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Using a GPS Click on a Raspberry Pi



Author: Andrew Hazelden

Last Updated: 2014-02-09

Category: GPS

Downloaded: 788 times

Followed by: 3 users

License: MIT license  

gps2udp is a script that connects a MikroElektronika GPS click board via USB to a Raspberry PI. The serial GPS data is pushed out through a UDP socket onto the network interface. The GPS is set to run at 115200 baud using the stty command.

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The Raspberry Pi and the GPS Click

The Raspberry Pi and the GPS Click

This is a screenshot showing a USB serial connection from a GPS Click board to a Raspberry Pi.

View full image


Step 1. Install the supporting serial libraries on the Raspberry Pi:

       sudo apt-get install setserial netcat screen

Step 2. Copy the script to your raspberry pi.

Step 3. Change the permissions on the script so it will run:

     chmod 777

Step 4. Start the script from the command prompt:


Running gps2udp

Running gps2udp

The script makes it simple to connect to the GPS Click board on Raspbian Linux.

View full image

Connecting to the UDP socket

Once you have started the script on the Raspberry Pi you can connect to the gps datastream using a UDP socket from any computer on your network.

Viewing UDP data in mikroC

The easiest way to view a UDP datastream is to use the mikroC UDP terminal program. It is found in the Tools > UDP Terminal menu.

Open the UDP Terminal

Open the UDP Terminal

Open the mikroC Tools Menu and start the UDP terminal.

View full image

Start by typing in the ip address for the raspberry pi. In my case this is

Enter the port 36700 for the UDP connection.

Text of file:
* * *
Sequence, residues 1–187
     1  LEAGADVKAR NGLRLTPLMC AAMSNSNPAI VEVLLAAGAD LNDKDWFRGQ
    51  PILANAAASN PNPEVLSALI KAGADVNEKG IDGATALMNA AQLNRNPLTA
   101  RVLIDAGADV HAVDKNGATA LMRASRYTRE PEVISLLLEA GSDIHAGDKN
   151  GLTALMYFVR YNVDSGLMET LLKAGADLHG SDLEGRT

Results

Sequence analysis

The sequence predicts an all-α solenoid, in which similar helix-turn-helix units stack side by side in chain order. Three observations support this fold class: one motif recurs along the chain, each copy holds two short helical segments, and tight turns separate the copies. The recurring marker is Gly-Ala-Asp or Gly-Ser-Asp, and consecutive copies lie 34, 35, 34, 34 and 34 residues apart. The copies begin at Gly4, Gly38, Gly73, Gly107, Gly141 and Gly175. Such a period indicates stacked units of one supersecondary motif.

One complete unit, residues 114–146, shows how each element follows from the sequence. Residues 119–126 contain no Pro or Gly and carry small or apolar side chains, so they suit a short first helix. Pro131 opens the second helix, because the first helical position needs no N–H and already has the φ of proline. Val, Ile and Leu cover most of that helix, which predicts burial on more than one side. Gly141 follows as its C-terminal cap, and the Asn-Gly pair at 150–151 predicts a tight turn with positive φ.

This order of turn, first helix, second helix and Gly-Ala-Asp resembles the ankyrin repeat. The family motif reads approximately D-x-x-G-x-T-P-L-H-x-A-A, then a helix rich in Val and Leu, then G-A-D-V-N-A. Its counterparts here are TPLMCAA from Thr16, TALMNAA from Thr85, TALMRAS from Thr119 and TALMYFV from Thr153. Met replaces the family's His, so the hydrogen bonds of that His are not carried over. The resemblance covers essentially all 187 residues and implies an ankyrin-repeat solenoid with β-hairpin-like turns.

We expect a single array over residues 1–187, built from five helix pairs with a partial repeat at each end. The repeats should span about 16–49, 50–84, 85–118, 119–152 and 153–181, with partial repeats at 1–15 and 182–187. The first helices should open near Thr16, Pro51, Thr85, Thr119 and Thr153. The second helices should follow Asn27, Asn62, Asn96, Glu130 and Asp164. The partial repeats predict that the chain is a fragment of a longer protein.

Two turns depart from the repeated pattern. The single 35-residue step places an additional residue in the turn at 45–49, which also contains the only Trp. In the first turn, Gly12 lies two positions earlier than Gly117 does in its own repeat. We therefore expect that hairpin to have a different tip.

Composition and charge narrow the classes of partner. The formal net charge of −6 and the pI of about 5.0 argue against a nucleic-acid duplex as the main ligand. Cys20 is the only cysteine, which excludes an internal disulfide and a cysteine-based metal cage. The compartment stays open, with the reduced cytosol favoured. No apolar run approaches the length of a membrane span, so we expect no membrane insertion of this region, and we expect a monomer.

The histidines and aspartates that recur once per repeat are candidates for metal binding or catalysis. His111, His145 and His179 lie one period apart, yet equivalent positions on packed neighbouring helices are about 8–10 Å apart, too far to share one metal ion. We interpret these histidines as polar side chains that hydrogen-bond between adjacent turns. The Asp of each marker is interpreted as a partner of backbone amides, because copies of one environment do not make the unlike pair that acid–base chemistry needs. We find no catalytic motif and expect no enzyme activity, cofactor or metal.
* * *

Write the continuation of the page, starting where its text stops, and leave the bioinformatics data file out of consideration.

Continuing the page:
To start the connection you need to send a bit of data over the UDP socket. Type "1" in the send text field and click the "send" button. GPS data should start flowing into the receive window.

Connect to the Raspberry Pi.

Connect to the Raspberry Pi.

You can connect to the Raspberry Pi using the UDP terminal.

View full image

Linux/Mac/Cygwin Command Line You can also connect to the Raspberry PI hosted GPS click from your desktop system with a tool called netcat. Tip: You need to have the full-featured version of nc / netcat installed that supports UDP connections.

Viewing UDP Data

Viewing UDP Data

The Linux terminal window can be used to viewing the live UDP data too.

View full image

My Raspberry Pi has an ip address of and the UDP port is 36700.

To start the desktop connection to the Raspberry Pi hosted GPS click open the terminal and type in:

     netcat -u 36700


     nc -u 36700

Once the connection has been made you need to press the enter key once to start the UDP data flowing. When you are done you can close the network connection on the desktop by pressing Control-C.


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